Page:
The increasing disparity of income levels among countries has triggered a global discussion on how to minimize the wealth gap among nations. Developed countries continue to progress while the developing ones stagnate or deteriorate further. Recognizing the extent of the problem, socially aware citizens organized numerous movements aimed at addressing this alarming issue, thus, paving the way for the formation of Fair Trade (FT).
The goal of Fair Trade is to set fair prices for products, alleviate poverty and assist producers marginalized by the traditional economic model. As such, Fair Trade certification is designed to ameliorate the social, as well as economic and environmental conditions of producers in the developing world through production and trade standards (De Pelsmacker and Janssens, 2007).
Hoping to improve the quality of their lives, many farmers from underdeveloped countries have started to trade their products to importers under the Fair Trade certification programs. The promotion of better trading relations and secured rights such as a guaranteed fair price, reasonable return for work, continuity of income and decent working conditions to disadvantaged producers (Reynolds et. al., 2004) helped the FT movement to gain global support, putting FT in the limelight of social development.
The Philippines is among the numerous developing countries in Asia that could benefit from the FT movement. According to the National Statistical Coordination Board (NSCB), the country has been experiencing stable and robust economic growth in the past few years. The country has recently been transitioning from an agricultural to a services and manufacturing economy. In spite of this industry development, recent data suggests that a 39 million workforce is mostly employed by the agriculture sector. About 32 percent of the workforce are in the agriculture sector, yet the sector has experienced a decline in GDP share, contributing only 13.8 percent in 2009.
Furthermore, according to NSCB, poverty levels in the Philippines have remained high despite the country’s robust growth. About 45 percent of the population consists of those who earn less than two US dollars a day. Digging deeper in the low-income class in the Philippines, NSCB estimates that 27 percent or 3.7 million families belong to the poor segment. Fishermen, farmers, and children comprise the poorest three sectors in 2006, with poverty incidences of 49.9 percent, 44.0 percent and 40.8 percent, respectively.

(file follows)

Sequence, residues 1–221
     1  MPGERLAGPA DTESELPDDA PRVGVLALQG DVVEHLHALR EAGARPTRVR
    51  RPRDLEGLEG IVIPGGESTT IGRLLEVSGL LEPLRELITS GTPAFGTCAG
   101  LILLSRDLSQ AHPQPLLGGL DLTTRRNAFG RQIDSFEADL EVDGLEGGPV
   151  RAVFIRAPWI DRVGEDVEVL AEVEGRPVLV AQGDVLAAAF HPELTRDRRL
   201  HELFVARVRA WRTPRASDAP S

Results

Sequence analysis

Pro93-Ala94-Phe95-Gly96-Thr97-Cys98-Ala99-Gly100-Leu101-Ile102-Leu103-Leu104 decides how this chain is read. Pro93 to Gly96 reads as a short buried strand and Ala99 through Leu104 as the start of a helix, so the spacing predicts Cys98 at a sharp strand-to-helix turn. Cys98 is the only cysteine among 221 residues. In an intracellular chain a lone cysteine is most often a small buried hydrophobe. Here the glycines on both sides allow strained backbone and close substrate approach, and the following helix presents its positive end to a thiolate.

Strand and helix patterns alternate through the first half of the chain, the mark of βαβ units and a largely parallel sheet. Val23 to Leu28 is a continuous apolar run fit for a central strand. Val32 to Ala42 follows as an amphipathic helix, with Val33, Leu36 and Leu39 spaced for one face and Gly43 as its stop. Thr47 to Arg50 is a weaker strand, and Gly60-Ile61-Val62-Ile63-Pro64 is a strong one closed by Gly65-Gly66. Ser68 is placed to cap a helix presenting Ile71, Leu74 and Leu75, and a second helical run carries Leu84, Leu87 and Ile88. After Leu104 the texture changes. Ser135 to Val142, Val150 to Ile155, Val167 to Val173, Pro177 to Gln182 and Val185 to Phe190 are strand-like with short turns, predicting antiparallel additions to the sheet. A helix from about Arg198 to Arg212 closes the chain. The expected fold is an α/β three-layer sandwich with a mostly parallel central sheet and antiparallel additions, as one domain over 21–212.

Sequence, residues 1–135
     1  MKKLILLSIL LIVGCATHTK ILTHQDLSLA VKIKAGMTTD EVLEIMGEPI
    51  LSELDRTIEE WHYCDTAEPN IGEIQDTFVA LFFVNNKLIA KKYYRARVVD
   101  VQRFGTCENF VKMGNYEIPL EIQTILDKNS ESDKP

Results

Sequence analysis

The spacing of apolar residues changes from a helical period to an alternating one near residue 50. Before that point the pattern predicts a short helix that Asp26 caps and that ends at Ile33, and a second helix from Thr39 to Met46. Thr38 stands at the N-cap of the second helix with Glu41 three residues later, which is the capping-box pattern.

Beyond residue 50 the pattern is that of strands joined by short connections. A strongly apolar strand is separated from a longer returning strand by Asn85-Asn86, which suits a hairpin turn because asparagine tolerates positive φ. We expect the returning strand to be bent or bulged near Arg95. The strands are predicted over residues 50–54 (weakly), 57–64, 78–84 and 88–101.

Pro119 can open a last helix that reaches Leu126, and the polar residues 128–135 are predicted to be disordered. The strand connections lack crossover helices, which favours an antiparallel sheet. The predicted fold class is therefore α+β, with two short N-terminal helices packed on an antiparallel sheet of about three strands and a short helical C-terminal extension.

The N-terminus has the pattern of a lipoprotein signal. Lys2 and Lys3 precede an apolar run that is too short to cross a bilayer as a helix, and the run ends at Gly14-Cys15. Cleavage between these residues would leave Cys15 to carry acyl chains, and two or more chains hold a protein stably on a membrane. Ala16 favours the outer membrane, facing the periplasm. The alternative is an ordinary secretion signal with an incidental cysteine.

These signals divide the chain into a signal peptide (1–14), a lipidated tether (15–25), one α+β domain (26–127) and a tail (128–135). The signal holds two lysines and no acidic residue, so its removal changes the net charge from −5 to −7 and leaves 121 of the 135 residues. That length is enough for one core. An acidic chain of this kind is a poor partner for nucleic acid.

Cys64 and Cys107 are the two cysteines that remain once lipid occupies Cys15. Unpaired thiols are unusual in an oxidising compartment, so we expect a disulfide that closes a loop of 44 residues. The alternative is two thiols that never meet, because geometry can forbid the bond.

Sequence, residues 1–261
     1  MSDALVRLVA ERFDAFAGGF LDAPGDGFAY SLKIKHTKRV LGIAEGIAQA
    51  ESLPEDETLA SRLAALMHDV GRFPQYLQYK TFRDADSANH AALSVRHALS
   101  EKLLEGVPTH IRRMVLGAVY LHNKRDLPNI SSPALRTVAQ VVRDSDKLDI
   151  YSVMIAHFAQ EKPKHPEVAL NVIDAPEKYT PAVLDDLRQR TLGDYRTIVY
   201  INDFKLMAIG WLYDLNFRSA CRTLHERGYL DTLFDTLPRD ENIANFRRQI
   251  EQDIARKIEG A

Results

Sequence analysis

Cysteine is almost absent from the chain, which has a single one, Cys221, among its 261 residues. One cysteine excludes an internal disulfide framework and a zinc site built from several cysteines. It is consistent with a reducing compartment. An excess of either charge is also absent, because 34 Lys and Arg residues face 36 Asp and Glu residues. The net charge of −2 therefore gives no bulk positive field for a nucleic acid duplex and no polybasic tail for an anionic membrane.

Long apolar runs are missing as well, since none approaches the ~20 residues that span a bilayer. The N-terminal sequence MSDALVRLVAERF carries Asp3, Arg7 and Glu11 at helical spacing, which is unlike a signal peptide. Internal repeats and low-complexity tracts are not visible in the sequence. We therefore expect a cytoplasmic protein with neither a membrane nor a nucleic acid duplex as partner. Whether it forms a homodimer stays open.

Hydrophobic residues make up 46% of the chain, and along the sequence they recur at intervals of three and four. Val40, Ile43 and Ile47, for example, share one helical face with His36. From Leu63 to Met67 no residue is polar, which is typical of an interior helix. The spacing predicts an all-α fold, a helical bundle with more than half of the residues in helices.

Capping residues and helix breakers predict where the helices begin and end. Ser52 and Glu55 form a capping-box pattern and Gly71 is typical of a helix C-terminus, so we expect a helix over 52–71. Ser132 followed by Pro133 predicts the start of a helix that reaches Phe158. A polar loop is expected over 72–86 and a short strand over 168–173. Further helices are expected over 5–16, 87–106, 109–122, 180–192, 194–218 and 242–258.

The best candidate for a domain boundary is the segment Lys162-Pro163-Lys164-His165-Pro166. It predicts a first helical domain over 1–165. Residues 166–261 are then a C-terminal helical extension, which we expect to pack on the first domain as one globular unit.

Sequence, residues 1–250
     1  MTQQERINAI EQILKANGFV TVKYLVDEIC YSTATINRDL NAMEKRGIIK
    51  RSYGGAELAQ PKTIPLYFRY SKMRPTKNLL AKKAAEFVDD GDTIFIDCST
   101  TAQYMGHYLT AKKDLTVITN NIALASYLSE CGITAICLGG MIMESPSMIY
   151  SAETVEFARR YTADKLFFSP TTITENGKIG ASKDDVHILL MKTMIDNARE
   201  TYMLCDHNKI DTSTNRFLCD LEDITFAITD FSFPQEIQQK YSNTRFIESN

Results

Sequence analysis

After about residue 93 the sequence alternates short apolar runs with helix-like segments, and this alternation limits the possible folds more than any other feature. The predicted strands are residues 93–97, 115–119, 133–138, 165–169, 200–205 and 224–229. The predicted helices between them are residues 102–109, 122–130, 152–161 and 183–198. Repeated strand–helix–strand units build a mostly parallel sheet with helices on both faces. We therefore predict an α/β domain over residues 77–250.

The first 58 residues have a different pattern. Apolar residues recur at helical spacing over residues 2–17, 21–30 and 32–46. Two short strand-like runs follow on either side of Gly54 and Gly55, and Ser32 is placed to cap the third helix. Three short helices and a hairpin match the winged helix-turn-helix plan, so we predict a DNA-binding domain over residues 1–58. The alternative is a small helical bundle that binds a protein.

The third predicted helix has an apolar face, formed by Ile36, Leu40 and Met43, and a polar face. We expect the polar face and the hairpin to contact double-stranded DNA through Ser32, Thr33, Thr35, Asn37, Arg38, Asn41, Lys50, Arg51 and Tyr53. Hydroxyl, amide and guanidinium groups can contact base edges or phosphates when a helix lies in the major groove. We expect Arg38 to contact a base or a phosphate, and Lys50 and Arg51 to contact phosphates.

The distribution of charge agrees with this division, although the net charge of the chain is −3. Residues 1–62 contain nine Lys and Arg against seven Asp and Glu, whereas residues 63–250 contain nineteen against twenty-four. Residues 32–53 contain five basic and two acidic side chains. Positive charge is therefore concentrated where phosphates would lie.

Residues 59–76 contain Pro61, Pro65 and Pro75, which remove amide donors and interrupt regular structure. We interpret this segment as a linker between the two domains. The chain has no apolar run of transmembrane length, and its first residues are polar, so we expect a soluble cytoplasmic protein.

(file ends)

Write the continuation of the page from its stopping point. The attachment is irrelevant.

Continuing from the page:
The FT concept has been in the Philippines for several decades now. It has slowly gained membership as more organizations aspire to become members of FT in the hope of reaping the rewards of having a certification. The initial challenge was to consolidate the efforts of numerous local FT organizations as they operate independently from one another. As of the last count, there are 29 FT certified organizations working together under the World FT Organization-Philippines (WFTO-Philippines).
Considering the rapid growth of FT-certified products, it is critical to analyze FT’s impact on these farmers and their families in order to determine the effectiveness of FT certification as an economic tool aimed at improving the quality of life of the population. It is comforting to note that majority of the studies show the positive effects of FT from improvement in economic performance to better trading relations (Taylor, 2005; Raynolds et al. and 2004; Utting, 2009). Recognizing that these are foreign studies, one might ask whether the same holds true in the Philippines.
Among the limited researches conducted on Fair Trade in the Philippines is the recent study I made. I examined the effects of social capital on the subjective well-being and quality of life of two coffee farmer cooperatives, one that supplies FT organizations and another which does not supply FT organizations in the Benguet region. In summary, the research shows that cooperatives that supply FT organizations derive numerous benefits from the business transactions. Fair Trade helps build long-term trading relationships with buyers that enable coffee growing communities to improve livelihood through fairer terms of trade. FT also provides additional resources for producers to invest in business improvements and community development.
For us consumers, Fair Trade allows us to help coffee farmers better their lives. By patronizing products that are FT-certified, we contribute to promoting inclusive growth in the country.
Reynaldo A. Bautista, Jr., DBA, is an assistant professor at the Marketing Management Department of the Ramon V. del Rosario College of Business at the De La Salle University. He teaches marketing research and methods of research subjects. The views expressed above are the author’s and do not necessarily reflect the official position of the De La Salle University and its faculty and administrators.